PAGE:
Chris Neville-Smith’s 2015 awards

It’s that time of year again. In recognition of all the hard work of all the groups I’ve seen over the year, and in no way a shameless attempt to generate more web traffic for this blog, here are my list of awards. With a panel of one seeing lots and lots of plays over the year, a shortlist of plays was put forward and a jury of one spending hours deliberating over the verdict, I finally have a list of winners.

A few changes this year. For a start, I’m going to gradually announce the winners over five days in a completely unnecessary drive to build up tension. More interestingly, this year I’ve picked a runner-up for most categories, because I felt too many good plays would go unrecognised otherwise. Finally, I’ve added a couple of new categories this year: one is “Best collaborative work” to cater for the increasing number of devised theatre pieces I see that aren’t crap; the other, well, you’ll see when I get round to that.

Quick reminder of the other rules: this list is open to anything I first saw in 2015 – and what I see, especially at the festival fringes, largely comes down to luck. Productions I saw in previous years are generally not eligible for consideration, so that long-running successful shows don’t unfairly dominate the awards, although there will be one case here where I’ll bend that rule.

So, no more “didn’t they all do well”, it’s time to pick the winners. Okay, here we go … Continue reading

Carols and Cocktails and caterwauling

Carols_and_CocktailsAlphabetti’s Carols and Cocktails, is ambitious – maybe too ambitious – but a very bold choice for a December productions.

If there’s one thing 2015 will be remembered for in Newcastle theatre, it will surely be the setup of Alphabetti Theatre. This might sound like hyperbole, but honestly, they’ve become the venue of choice for all the small-scale groups in Newcastle, and they earned the wholehearted report of the city’s other theatres. Such an advancement from two years ago when they were an obscure even in an upstairs room of The Dog and Parrot. But do they put on good plays? Yes, if The Frights is anything to go by.

And so Alphabetti close their inaugural year in their own theatre with Carols and Cocktails. This is not, as the title suggests, an end-of-year social where everyone turns up for some, um, carols and cocktails, but a play. In this play, office IT workers Phil and John put on a show for the Christmas party, not because they’re particularly into this sort of thing, but because they want to impress the ladies (because playing in a band is cool yeah). Or rather, they both want to impress one particular lady, Carol. Okay, I think I’ve spotted the flaw in this plan. One other tip: if you must resort to reading a woman’s e-mails in the server room in order to find out her personal interests, keep that fact to yourself. Continue reading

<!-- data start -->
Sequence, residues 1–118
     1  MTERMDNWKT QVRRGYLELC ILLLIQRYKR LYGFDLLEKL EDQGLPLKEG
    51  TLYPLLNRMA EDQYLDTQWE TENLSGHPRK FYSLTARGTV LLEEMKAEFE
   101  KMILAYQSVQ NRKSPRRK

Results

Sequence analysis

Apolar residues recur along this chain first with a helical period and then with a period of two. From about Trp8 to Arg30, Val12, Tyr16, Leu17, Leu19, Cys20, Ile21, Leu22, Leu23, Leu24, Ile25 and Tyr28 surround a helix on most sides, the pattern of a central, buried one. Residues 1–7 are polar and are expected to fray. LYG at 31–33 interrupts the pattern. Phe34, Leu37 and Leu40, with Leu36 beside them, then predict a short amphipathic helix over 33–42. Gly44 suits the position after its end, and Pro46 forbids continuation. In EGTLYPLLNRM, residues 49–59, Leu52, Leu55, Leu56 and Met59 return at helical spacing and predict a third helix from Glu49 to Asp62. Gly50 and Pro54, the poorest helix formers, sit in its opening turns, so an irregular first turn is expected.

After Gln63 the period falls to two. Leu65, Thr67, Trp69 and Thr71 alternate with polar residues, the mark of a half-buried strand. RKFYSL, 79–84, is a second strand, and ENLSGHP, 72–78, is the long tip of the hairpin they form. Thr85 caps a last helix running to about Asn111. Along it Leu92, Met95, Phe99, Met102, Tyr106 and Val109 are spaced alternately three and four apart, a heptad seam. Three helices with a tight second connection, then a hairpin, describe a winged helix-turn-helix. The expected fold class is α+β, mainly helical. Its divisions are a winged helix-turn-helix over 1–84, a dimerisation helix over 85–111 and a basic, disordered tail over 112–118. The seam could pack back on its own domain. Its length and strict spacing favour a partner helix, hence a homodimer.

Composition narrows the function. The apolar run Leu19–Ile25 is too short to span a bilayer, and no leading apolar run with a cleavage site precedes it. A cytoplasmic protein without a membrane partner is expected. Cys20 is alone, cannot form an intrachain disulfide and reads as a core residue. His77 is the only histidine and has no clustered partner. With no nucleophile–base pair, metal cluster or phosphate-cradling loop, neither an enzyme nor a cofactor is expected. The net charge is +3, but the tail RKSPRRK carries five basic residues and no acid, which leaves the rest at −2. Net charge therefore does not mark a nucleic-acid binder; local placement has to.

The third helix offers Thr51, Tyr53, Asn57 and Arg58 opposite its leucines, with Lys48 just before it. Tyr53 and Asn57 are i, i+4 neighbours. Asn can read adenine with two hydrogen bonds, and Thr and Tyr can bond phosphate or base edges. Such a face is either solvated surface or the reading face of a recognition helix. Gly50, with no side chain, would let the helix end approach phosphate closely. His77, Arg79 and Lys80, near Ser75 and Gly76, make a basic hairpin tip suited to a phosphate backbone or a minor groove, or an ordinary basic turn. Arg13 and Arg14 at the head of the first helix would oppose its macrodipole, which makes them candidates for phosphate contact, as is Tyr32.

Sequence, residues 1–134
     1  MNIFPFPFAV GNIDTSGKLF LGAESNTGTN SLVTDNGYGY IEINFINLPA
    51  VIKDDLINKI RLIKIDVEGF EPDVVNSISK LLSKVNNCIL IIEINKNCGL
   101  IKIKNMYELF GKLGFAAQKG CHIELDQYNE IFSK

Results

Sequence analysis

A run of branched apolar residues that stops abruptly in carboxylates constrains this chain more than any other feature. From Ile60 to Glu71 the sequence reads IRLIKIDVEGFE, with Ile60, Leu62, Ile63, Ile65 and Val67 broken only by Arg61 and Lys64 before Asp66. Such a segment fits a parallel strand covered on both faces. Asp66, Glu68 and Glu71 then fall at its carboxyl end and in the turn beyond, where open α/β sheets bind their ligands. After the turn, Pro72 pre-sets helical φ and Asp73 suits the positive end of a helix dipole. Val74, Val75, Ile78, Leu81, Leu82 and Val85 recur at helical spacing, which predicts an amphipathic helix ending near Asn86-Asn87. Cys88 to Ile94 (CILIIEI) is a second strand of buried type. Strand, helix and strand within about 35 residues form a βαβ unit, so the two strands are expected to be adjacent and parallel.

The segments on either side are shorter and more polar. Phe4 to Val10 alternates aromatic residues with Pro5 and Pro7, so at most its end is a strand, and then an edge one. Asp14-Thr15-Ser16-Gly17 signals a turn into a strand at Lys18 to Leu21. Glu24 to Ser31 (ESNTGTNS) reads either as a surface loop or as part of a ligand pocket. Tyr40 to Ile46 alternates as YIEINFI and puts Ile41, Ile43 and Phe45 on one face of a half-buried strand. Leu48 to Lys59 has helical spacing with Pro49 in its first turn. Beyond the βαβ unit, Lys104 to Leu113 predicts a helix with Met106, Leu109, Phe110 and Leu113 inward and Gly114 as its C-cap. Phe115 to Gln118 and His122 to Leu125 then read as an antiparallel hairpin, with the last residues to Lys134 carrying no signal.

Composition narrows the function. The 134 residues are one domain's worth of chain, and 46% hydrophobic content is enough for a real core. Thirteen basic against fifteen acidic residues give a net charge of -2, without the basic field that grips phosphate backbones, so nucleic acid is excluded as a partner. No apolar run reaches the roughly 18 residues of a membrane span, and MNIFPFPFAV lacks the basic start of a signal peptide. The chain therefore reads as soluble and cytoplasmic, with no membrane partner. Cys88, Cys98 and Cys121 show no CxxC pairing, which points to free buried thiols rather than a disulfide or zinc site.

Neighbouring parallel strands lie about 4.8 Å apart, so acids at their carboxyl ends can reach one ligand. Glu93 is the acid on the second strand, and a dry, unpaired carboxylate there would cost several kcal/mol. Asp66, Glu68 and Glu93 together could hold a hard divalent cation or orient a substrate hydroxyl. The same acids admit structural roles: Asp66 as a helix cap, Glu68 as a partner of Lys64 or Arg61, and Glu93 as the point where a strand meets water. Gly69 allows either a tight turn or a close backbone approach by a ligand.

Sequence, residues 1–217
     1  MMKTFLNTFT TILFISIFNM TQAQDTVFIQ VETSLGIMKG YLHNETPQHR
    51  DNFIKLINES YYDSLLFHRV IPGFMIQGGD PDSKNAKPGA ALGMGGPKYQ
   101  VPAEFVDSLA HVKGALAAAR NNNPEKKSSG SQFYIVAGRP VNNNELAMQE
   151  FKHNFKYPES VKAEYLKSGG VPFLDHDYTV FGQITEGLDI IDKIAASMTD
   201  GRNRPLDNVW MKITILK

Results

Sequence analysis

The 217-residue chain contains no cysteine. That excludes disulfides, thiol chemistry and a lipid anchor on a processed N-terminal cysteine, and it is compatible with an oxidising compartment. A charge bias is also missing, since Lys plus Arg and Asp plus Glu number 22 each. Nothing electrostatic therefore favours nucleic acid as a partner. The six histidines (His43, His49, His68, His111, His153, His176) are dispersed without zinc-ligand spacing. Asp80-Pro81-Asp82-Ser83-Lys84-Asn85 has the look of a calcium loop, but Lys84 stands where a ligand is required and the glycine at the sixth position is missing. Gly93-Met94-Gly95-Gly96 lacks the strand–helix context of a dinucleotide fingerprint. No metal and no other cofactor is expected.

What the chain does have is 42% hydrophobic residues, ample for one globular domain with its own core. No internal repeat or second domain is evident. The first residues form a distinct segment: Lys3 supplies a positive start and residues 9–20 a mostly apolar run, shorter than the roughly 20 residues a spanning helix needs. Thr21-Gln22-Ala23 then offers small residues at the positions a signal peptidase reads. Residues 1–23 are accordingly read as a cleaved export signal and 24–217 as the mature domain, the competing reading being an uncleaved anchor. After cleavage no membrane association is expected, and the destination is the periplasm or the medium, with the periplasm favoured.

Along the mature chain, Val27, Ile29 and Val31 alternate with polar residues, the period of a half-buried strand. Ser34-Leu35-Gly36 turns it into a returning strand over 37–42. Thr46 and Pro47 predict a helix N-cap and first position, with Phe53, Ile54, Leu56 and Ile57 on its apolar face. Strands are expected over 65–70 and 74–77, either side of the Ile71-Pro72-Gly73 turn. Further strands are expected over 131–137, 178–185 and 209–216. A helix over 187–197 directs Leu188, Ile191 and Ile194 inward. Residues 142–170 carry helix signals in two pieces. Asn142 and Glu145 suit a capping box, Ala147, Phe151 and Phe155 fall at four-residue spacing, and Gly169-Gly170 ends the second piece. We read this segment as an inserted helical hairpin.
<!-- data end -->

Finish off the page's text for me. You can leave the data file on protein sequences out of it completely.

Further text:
Poles Apart is worlds apart

Three scaffolders peering over a posh executive director and actress

John Godber’s latest play might not have the most interesting story, but it is one of the most interesting plays from a writer who has a lot to say.

Alan Ayckbourn once suggested that the reason that you get very few working class people at the theatre is that they think they’ll be looked down on. I think he may have hit the nail on the head – theatre is a middle-class dominated pursuit, and for reasons I’ll go into shortly, middle-class writers and directors can be pretty clueless at depicting the working class. Even Ayckbourn himself doesn’t even try to take this on and plays it safe with the middle classes. But one playwright with a working-class background through and through is John Godber. He writes about this a lot, and he neither romanticises it nor disparages where he came from. From the simple expectations of a holiday in September in the Rain to the disintegration of mining communities in Our House to nightlife in Bouncers (nightlife, to be fair, is about equally hellish across the class spectrum but you get the idea), he’s a master of writing about what he knows.

But if there’s one change I’ve noticed in Godber in the last couple of years, it’s been that that’s he’s getting angrier – but not in the way you might expect. Whilst many writers have directed their ire at the bastard cuts from the bastard Tories, Godber has focused heavily on the very people who claim to be standing up for the working class – and yet look down on the people they’re meant to be standing up for. I first noticed this theme in Lost and Found two years ago, and now it’s back with a vengeance for Poles Apart. Continue reading